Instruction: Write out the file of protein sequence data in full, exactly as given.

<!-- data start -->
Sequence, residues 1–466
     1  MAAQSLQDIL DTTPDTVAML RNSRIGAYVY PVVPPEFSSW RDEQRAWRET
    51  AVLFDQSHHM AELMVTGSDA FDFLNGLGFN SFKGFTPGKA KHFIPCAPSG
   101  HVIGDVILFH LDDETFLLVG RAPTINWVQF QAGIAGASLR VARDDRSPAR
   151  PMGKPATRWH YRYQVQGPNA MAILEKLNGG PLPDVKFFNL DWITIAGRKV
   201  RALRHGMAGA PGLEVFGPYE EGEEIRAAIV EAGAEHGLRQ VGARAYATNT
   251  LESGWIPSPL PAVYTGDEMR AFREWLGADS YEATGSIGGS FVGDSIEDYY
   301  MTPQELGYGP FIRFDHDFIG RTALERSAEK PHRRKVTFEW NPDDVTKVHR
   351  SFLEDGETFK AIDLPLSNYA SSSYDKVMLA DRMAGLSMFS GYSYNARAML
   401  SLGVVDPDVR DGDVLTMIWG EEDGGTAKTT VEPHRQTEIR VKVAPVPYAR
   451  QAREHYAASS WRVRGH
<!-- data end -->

Sequence, residues 1–466
     1  MAAQSLQDIL DTTPDTVAML RNSRIGAYVY PVVPPEFSSW RDEQRAWRET
    51  AVLFDQSHHM AELMVTGSDA FDFLNGLGFN SFKGFTPGKA KHFIPCAPSG
   101  HVIGDVILFH LDDETFLLVG RAPTINWVQF QAGIAGASLR VARDDRSPAR
   151  PMGKPATRWH YRYQVQGPNA MAILEKLNGG PLPDVKFFNL DWITIAGRKV
   201  RALRHGMAGA PGLEVFGPYE EGEEIRAAIV EAGAEHGLRQ VGARAYATNT
   251  LESGWIPSPL PAVYTGDEMR AFREWLGADS YEATGSIGGS FVGDSIEDYY
   301  MTPQELGYGP FIRFDHDFIG RTALERSAEK PHRRKVTFEW NPDDVTKVHR
   351  SFLEDGETFK AIDLPLSNYA SSSYDKVMLA DRMAGLSMFS GYSYNARAML
   401  SLGVVDPDVR DGDVLTMIWG EEDGGTAKTT VEPHRQTEIR VKVAPVPYAR
   451  QAREHYAASS WRVRGH